Sen. Josh Hawley Tuesday used his first big forum as a U.S. senator to attack the FBI over a report that the agency began scrutinizing President Donald Trump after the Republican Party softened its stance on Russia in its 2016 platform.
Hawley, R-Missouri, clearly relished the chance to answer criticism of Trump’s stance on Russia, and used the confirmation hearing of attorney general nominee William Barr to grab the spotlight at the Senate Judiciary Committee hearing.
After Sen. Richard Blumenthal, D-Connecticut, asked Barr if he found allegations about connections between Trump and Vladimir Putin’s regime in Russia “stomach-churning,” Hawley said he also found recent reports about Trump and Russia “stomach-turning” but added that it was “for a different reason.”
Hawley referenced a New York Times report that Trump caught the attention of the FBI’s counterintelligence unit after the president declined to criticize Putin during the 2016 campaign as the GOP changed its stance on Russian military intervention in Ukraine to no longer include support for arming pro-western elements in the country.
The report said that the FBI opened an inquiry on whether Trump was acting as a Russian agent after here became president and fired FBI Director James Comey, but Hawley exprerssed concern that the initial questions about Trump were raised by the FBI because of because of the GOP’s platform change.
“In your experience with the FBI, is it strange to have a counterintelligence investigation begun because members of that bureau disagree with the foreign policy stances of a president or president of the United States?” Hawley asked Barr.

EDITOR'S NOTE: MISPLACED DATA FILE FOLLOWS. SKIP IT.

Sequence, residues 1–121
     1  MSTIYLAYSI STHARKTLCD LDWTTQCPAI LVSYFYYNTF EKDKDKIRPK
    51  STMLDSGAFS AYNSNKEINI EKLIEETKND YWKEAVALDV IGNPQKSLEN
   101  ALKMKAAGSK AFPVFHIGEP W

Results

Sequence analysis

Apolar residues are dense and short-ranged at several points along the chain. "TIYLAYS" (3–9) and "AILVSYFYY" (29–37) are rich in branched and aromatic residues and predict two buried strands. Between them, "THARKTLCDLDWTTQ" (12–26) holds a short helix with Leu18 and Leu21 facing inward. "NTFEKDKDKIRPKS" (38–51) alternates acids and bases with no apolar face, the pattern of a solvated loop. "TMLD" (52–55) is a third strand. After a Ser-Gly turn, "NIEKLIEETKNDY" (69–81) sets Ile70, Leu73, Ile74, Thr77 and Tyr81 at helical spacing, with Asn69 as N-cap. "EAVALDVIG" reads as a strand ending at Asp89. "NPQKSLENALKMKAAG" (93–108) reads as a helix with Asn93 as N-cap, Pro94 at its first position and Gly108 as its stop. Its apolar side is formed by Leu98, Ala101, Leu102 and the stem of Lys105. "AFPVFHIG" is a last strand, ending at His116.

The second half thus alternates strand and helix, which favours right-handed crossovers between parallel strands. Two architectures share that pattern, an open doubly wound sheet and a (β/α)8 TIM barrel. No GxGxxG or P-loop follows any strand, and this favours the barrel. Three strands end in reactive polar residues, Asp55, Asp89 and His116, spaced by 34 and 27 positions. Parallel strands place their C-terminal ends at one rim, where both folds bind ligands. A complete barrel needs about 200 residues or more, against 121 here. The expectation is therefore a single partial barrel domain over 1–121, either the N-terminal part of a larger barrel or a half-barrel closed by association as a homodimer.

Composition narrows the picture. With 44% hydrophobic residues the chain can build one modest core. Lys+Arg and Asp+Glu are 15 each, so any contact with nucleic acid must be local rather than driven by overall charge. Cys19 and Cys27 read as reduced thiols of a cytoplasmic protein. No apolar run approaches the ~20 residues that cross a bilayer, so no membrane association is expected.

Barr provided a one-word answer: Yes.
Hawley raised a legitimate concern, said David Satter, an expert on Russia who serves as a fellow at Johns Hopkins University’s Foreign Policy Institute.
“Hawley is correct that you don’t want the FBI making these political judgments,” Satter said. “You might not like what the president is saying, but that’s not the basis for you, an unelected official, to launch an espionage investigation.”
The FBI Agents Association declined to comment on Hawley’s questions to Barr.
Lauren Gepford, the acting executive director of the Missouri Democratic Party, criticized Hawley’s line of questioning.
“The FBI is a nonpartisan agency. Josh Hawley is not serving the best interest of Missourians by being so blinded to the truth because of his partisan loyalty,” Gepford said in an email.
However, Hawley was one of 11 Republicans to side with Democrats later in the day on a 57-42 vote to move ahead with a measure to prevent the Trump administration from relaxing sanctions on Russian companies. The resolution will require 60 votes to pass the chamber later this week.
Barr served as attorney general under President George H.W. Bush and is close with Special Counsel Robert Mueller, who has repeatedly been attacked by Trump during the course of his investigation into Russia’s role in the 2016 election.
Hawley told Barr that he was well-qualified to serve as Trump’s attorney general.
Hawley devoted most of his first 10 minutes of question time to addressing his concerns about the technology industry and whether the Department of Justice should be using anti-trust statutes more aggressively against large tech firms.
“Google and Facebook pose significant challenges not just for competition but also for privacy and the free flow of ideas,” Hawley said.
The senator contended that technology companies have the power to influence elections. He argued that there is evidence that large firms have shown a bias against conservative and libertarian viewpoints.
Barr told Hawley that he’s interested in the “issue of privacy and who owns this data. It’s not an area that I’ve studied closely… but I think it’s important for the department to get more involved in these questions.”
But he also said that he would have to “think long and hard before I said it was really the stuff of an anti-trust matter.” The Justice Department and the Federal Trade Commission share dual authority on anti-trust issues.
Carl Szabo, vice president and general counsel of NetChoice, a group that represents the tech industry, warned against “calls for weaponization of anti-trust laws” for political reasons and said “we should be wary of expanding the role of a criminal enforcement body into civil matters.”